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Species Conservation

Conservation of bio-resources improves farmer’s livelihood

Revival of non-forest timber produce species that are rare and have market value, and the species’ mass multiplication ensures conservation while enhancing farm income

NTFP species nursery helps farmer Gavate ensure species conservation, and enhances his income from vegetable cultivation (Photo courtesy BAIF)

Ramu Mahadu Gavate (42) hails from Ruichapada village, Jawhar administrative block in Palghar district. He could not complete formal education due to his circumstances. However, he has been engaged in farming from a young age, to support his family.

Farming has been his livelihood. His family of five is dependent on farming income. Uncertainties of agricultural income worried Gavate. The uncertainties have increased in recent years because of the impact of climate change.

But things started changing in the year 2015 when he got associated with the Maharashtra Gene Bank Project (MGBP). MGBP is an initiative in recognizing the diverse bio-resources that naturally occur the different agro-climatic zones of Maharashtra. Now Gavate is successfully involved in the conservation of non-timber forest produce species.

Gene bank project

The aim of Maharashtra Gene Bank Project (MGBP) is to ensure sustained availability of the diverse bio-resources for food and nutrition security of the local communities. It would also ensure livelihood and economic gains to the communities, at the same time building resilience against the growing threat of climate change.

MGBP focuses on participatory in-situ and ex-situ conservation, revival and management of crop landraces, livestock types and forestry species for harvesting non-timber forest produce (NTFP) essentially. MGBP covers a total of 92 villages across Maharashtra.

The Maharashtra Gene Bank Project includes participatory in-situ and ex-situ conservation (Photo courtesy BAIF)

The NTFP species conservation is part of the MGBP and includes in-situ and ex-situ conservation, promoting sustainable harvesting of NTFP by adopting non-destructive harvesting methods, standardizing nursery techniques for mass multiplication and post-harvest management of NTFP.

Mahua, charoli, hirda, behada, karaya, bamboo and bauhinia were chosen as the seven priority species based on the conservation perspective, rarity and market value. In the Jawhar block, 11 villages were involved in the conservation measure.

Cultivation to conservation

Gavate used to cultivate vegetables and had jasmine plants in a part of his land. The sale of vegetables and flowers fetched him a little income. When he became involved in the MGBP, he became interested in conservation of non-timber forest produce species.

He visited Dhadgoan with the project team to learn mahua grafting techniques. He learnt nursery techniques as well. In the past five years, he has established two NTFP nurseries in his land. He has planted mahua, karaya, hirda, behada, bauhinia and bamboos in his NTFP nursery. He and his family look after the nursery.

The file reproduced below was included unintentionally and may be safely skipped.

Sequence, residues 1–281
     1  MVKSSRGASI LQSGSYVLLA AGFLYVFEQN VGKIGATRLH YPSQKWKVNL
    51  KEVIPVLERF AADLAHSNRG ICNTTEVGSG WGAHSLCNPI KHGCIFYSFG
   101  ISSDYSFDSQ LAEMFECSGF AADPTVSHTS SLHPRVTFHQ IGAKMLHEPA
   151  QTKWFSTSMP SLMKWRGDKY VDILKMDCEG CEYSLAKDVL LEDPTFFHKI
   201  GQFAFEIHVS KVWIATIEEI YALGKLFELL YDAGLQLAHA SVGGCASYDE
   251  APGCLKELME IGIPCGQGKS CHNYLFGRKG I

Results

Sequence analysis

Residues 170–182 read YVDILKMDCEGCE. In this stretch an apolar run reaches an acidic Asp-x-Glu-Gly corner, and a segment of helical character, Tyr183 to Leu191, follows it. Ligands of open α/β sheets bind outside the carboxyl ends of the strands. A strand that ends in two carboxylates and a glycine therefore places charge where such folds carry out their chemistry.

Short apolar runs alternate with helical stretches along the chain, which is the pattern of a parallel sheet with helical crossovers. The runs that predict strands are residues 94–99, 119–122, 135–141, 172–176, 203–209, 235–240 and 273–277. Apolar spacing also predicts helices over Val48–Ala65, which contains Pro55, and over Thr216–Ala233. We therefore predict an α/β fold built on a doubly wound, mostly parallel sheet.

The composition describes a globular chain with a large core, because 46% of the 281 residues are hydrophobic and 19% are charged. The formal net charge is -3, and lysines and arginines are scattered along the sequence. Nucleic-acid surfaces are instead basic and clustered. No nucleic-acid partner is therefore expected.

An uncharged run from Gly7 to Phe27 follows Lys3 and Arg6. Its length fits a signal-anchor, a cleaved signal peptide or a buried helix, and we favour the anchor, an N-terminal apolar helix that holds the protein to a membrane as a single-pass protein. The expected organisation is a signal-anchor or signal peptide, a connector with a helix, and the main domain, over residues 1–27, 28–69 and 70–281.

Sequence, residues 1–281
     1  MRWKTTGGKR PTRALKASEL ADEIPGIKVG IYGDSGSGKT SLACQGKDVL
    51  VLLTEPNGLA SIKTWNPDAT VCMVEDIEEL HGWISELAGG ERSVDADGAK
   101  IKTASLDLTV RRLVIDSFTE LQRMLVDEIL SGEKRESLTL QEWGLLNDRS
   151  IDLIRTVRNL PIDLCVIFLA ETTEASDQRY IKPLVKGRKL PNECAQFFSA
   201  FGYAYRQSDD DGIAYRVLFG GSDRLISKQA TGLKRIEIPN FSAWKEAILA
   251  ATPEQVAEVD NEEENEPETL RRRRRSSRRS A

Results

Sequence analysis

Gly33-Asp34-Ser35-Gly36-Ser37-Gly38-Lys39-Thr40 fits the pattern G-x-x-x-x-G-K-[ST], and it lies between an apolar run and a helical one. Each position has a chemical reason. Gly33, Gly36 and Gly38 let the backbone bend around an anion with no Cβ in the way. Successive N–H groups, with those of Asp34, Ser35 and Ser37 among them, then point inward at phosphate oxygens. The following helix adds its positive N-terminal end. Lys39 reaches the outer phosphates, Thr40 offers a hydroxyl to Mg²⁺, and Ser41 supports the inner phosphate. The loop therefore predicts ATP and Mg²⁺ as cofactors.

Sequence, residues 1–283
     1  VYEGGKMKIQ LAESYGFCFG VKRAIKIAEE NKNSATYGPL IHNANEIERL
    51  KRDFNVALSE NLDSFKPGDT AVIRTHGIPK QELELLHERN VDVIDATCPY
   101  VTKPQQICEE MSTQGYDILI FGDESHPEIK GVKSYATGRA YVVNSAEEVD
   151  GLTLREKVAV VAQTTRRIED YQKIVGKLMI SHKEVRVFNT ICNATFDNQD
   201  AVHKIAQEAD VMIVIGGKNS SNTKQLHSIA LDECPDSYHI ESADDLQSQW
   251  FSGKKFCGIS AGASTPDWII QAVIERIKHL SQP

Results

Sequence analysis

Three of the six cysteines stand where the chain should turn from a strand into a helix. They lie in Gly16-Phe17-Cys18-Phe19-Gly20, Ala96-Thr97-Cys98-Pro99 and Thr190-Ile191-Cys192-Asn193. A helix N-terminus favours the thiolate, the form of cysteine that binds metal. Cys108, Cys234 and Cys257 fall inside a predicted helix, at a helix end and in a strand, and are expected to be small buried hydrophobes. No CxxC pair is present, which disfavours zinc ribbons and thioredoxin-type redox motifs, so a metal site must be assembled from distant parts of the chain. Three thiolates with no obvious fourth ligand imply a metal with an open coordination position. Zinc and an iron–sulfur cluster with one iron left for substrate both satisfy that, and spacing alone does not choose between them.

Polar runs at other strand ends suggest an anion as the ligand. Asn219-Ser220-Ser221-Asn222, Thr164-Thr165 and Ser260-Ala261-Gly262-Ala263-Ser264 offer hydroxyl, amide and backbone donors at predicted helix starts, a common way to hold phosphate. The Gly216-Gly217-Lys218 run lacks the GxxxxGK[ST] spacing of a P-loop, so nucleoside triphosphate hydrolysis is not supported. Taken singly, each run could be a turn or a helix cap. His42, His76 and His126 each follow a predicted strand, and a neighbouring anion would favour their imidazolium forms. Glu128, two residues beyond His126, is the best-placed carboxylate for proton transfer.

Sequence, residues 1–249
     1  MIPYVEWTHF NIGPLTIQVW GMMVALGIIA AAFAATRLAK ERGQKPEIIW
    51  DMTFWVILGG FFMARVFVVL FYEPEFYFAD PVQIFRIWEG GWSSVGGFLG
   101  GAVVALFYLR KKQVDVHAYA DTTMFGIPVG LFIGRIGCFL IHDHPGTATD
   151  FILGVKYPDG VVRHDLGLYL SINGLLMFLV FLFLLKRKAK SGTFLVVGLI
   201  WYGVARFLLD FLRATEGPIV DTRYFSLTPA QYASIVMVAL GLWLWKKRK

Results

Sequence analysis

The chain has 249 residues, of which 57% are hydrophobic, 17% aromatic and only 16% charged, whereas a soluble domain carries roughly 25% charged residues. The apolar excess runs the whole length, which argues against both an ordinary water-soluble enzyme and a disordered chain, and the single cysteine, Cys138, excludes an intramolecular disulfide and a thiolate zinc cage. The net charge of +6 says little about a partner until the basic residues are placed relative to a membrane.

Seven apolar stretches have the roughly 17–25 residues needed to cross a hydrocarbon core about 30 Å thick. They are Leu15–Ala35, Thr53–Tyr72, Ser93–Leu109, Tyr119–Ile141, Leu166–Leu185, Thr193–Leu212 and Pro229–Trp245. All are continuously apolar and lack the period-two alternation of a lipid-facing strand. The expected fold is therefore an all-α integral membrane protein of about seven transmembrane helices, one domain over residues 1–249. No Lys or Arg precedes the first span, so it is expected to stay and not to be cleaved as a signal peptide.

Seedlings grown in farmer Gavate’s low-cost nursery were distributed for habitat conservation program (Photo courtesy BAIF)

He also raised a low-cost nursery in which nearly 9,000 seedlings were grown from 1 kg seeds of bamboo. These plants were distributed to villagers and also used for plantation under a habitat conservation program. Gavate shows enthusiasm in conservation and participates in every habitat conservation program.

Nursery as training ground

Gavate’s nursery is good for experimental learning and serves as a live gene center. He has become an important resource person for NTFP related activities. A training was also organized in his nursery, and experts helped other participants to learn mahua grafting techniques.

Scientists, farmers and students who visit the MGB projects also visit Gavate’s NTFP nursery. He has become quite popular in the region with his knowledge and work. Forest department as well as members of panchayat samiti seek his help when they want to establish a nursery.

Having a nursery as part of NTFP species conservation brings a steady income to farmer Gavate (Photo courtesy BAIF)

He ensures that he performs all the monthly tasks and responsibilities assigned to him as part of the conservation program on time. With support from this project and his family, he is actively involved in conserving NTFP species through his nursery.

Financial stability

He still cultivates vegetables but is more involved with NTFP related activities. He earns between Rs 50,000 and Rs 60,000 per year as additional income through his NTFP nursery. In the next one or two years, he expects to earn around 1 lakh income from nursery related activities. It will be in addition to what he earns from his vegetable and jasmine cultivation.  

Gavate’s hard work has improved his livelihood. He is happy with the successful NTFP nursery and conservation activities. They ensure steady income to support the social responsibilities and education of his children.

After the MGB project comes to a close, he will be able to maintain his source of income by utilizing the skills which he has learnt now. His hard work, determination and passion for doing something for his family and conserving nature will never let him down and he will continue to serve as a torch bearer.

Vitthal Kauthale and Sanjay Patil are associated with BAIF. Views are personal. Email: vitthal.kauthale@baif.org.in / sanjay.patil@baif.org.in

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